uatlent ireresttgatlon that a man docs who runs a store
WILLIAM J BURNS
Photo by Rothcngattcr
pP I l
or ii factory And I do it without going Into n trance
Do 1 start out with a theory Well yes Whon
you havo enough threads in your hands you fall Ji
with a theory of course But 1 never let the theory
run away with me A theory is a pretty flimsy thing
lint it Isnt safe to hang too much faith on I nlwayj
make my theory fit my facts and not the other way
about If a man lets himself get too fond of his the
ories he cant give very much unbiassed attention to
t truth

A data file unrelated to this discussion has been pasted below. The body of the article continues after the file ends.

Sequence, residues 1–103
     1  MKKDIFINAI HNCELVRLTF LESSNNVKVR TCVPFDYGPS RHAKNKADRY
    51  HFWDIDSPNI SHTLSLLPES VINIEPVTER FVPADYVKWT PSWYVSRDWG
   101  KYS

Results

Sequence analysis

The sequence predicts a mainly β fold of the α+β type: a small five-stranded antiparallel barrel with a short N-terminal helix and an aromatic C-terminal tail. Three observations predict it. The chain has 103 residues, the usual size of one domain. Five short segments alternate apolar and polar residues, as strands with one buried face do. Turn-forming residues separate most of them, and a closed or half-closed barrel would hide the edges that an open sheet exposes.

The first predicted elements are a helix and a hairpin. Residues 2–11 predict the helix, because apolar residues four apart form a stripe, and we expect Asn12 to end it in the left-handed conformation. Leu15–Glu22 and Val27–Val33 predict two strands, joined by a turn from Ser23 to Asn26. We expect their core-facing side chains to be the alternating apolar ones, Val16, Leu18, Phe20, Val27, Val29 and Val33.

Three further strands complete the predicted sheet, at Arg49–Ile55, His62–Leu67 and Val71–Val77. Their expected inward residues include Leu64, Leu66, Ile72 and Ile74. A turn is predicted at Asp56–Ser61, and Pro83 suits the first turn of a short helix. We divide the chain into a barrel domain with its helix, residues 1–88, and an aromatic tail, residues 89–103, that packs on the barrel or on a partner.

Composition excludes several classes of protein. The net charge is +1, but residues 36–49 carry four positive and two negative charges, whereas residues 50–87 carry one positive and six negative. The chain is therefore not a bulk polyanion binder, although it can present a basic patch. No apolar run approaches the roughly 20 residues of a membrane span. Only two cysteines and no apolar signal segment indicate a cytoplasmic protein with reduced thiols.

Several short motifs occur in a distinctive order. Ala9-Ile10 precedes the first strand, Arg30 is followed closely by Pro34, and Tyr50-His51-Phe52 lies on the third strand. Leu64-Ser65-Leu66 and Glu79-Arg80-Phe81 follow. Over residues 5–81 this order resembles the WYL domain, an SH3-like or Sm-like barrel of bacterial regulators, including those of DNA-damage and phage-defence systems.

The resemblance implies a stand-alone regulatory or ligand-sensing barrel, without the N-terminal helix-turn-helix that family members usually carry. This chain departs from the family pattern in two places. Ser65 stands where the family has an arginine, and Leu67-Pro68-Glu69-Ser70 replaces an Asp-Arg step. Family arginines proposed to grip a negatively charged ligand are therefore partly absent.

You seem to have worked out most of yours faily
well observed the visitor
Thanks said Mr Burns with little smiling
wrinkles around bis eyes Ive had reasonable suc
cess Ive never yet had to throw up a case or own
myself beaten I dont take any undue pride in It
he added quickly That doesnt mean to say that
Im never going to fall But I expect to succeed
In this private work as I have In tho government
service
What kind of work did you handle after you
joined the secret service
1 had a hand In every big case that came up and
I make a kind of specialty of counterfeiting For
some years I was lu charge of the St Louis division
covering the South Middle West but I was sent to
all parts of the country on Important affairs Later
1 was promoted to Washington with a roving com
mission
The prettiest counterfeiting case I was ever on
and the most serious problem In that line that ever
confronted the government was the Monroe head
100 silver certificate matter I was away from